Next, Lightning providers require additional manifest permissions.  To grant them you'll need to edit the Package.appxmanifest file of your UWP app and add the following bits inside capabilities at the end of the document:
<iot:Capability Name="lowLevelDevices" />
<DeviceCapability Name="109b86ad-f53d-4b76-aa5f-821e2ddf2141"/>
And then add the iot namespace to the Package element at the top of the document and iot to IgnorableNamespaces: 
<Package
  xmlns="http://schemas.microsoft.com/appx/manifest/foundation/windows10"
  xmlns:mp="http://schemas.microsoft.com/appx/2014/phone/manifest"
  xmlns:uap="http://schemas.microsoft.com/appx/manifest/uap/windows10"
  xmlns:iot="http://schemas.microsoft.com/appx/manifest/iot/windows10"
  IgnorableNamespaces="uap mp iot">

5. PWM Code

Finally, we're ready for some code.  One nice thing is that we can keep all of our existing binary GPIO code, plus allow the device to use either driver by simply adding the following line:
if (LightningProvider.IsLightningEnabled)
{
    LowLevelDevicesController.DefaultProvider = LightningProvider.GetAggregateProvider();
}
But, to get full on-device PWM functionality we'll need something like this:
if (LightningProvider.IsLightningEnabled) {
  LowLevelDevicesController.DefaultProvider = LightningProvider.GetAggregateProvider();
  var pwmControllers = await PwmController.GetControllersAsync(LightningPwmProvider.GetPwmProvider());
  var pwmController = pwmControllers[1]; // use the on-device controller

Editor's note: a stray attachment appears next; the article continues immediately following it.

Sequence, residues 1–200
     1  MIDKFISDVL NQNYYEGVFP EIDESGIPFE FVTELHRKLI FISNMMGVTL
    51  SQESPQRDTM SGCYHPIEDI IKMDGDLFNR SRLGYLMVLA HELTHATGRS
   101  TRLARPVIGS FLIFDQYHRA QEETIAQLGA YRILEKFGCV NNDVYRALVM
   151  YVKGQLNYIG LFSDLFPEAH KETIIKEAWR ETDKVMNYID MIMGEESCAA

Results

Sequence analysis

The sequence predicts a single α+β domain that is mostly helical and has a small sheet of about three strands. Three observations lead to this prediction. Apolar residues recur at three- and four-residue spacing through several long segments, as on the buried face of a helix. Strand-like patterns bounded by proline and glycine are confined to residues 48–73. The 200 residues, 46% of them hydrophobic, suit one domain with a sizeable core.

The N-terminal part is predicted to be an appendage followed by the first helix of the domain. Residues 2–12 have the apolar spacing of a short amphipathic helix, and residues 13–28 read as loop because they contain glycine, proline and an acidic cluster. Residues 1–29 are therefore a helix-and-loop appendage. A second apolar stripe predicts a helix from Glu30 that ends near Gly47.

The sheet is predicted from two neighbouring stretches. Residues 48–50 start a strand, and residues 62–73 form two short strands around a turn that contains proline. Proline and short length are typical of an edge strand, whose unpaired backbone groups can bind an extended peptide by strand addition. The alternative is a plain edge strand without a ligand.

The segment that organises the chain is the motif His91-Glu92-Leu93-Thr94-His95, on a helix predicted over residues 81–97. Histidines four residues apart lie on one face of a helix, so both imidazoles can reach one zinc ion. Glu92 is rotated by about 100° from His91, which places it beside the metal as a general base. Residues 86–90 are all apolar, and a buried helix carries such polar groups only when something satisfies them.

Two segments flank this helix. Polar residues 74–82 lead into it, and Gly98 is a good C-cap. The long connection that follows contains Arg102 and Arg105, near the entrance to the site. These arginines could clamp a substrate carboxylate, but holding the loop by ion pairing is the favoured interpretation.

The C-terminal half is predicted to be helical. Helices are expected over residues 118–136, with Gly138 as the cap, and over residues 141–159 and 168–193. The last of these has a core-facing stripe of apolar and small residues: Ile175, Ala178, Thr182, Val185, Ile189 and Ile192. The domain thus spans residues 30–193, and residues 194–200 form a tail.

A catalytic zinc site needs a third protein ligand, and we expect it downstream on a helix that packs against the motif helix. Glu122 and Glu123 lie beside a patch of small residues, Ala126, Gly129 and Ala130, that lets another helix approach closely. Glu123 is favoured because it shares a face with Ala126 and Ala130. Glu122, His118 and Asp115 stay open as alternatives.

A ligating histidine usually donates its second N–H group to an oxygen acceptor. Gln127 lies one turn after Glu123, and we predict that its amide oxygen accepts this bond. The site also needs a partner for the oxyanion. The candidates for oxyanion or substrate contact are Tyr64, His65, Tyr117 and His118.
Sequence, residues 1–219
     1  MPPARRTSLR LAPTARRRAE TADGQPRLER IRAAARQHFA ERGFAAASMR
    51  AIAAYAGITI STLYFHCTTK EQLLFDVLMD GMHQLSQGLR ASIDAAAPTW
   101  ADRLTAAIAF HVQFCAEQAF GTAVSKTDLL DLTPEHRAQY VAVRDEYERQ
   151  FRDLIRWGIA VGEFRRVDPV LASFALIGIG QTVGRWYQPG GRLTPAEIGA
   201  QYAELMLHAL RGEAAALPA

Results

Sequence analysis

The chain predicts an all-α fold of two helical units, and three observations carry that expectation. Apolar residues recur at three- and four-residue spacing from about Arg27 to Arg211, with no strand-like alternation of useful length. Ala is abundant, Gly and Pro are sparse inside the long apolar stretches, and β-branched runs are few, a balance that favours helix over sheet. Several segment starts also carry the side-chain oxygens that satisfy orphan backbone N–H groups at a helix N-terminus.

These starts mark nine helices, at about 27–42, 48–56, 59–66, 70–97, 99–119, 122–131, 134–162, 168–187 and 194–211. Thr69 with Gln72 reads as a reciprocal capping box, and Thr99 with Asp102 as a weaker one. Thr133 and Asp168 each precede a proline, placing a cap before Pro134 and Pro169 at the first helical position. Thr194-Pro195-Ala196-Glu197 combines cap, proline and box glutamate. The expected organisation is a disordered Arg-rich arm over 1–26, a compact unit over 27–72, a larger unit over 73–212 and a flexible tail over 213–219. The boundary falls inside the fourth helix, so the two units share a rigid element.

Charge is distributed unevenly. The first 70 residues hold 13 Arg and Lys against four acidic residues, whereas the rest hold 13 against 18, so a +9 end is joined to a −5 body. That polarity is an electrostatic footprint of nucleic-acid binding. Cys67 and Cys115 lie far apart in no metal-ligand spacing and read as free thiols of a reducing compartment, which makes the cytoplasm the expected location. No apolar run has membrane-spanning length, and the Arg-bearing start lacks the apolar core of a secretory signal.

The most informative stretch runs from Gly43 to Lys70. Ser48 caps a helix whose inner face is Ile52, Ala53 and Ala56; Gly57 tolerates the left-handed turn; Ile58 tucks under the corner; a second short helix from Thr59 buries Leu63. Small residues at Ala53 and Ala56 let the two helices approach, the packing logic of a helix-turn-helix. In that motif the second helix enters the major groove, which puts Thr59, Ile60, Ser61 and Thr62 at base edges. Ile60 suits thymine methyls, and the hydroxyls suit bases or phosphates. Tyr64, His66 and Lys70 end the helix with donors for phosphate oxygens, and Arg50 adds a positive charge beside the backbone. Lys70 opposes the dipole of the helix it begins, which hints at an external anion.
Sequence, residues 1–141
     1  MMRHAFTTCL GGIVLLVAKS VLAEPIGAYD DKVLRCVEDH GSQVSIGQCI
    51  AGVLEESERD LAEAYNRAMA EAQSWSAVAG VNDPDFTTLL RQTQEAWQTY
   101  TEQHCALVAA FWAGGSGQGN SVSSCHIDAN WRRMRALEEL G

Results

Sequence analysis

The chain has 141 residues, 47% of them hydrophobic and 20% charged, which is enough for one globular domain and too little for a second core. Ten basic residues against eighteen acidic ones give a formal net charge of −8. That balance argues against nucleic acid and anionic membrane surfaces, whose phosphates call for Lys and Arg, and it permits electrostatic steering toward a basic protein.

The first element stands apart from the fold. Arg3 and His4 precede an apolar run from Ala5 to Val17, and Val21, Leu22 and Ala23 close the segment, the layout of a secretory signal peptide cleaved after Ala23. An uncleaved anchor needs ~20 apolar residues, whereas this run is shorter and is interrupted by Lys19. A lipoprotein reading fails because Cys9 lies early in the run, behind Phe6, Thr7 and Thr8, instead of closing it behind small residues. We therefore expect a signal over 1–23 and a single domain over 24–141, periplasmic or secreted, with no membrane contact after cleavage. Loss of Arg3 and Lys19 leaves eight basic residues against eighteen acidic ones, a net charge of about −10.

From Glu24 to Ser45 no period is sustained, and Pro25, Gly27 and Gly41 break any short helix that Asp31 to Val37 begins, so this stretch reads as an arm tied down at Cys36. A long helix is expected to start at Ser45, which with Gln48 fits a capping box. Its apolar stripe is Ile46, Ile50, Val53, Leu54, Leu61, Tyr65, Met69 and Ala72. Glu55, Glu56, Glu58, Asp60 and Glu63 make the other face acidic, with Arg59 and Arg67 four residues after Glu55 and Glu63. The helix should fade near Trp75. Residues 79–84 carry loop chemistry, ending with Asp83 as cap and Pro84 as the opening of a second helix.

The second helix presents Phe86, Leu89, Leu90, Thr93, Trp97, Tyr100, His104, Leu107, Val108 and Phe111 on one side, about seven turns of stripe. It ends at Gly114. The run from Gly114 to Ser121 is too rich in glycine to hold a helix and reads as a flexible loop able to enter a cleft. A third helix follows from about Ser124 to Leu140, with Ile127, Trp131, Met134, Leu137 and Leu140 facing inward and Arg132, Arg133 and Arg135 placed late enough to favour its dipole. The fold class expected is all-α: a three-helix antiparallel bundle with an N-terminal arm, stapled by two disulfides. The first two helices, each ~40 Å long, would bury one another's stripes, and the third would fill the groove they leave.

pwmController.SetDesiredFrequency(50); // try to match 50Hz
  _pin = pwmController.OpenPin(22);
  _pin.SetActiveDutyCyclePercentage(.25);
  _pin.Start();
}
The first couple of lines set up the lightning driver and PWM provider using the on-device controller (as opposed to a dedicated PWM board, which you could attach to get better performance).   It then requests a leisurely 50Hz frequency speed.
Finally it opens pin 22 and sets the duty cycle to 25%.  
And that's it!  With a scrollbar and a few extra lines of code you'll be able to get something like this: 


Source Code

The complete code for this project is available on the WindowsIotPwmExample github project.

Summary

In this article we've covered what Pulse Width Modulation is, how to use Windows IoT to write binary-states to GPIO pins, and finally how to generate variable voltages using PWM.  Keep an eye out for the next article in the series on how to turn a Raspberry Pi into an information radiator.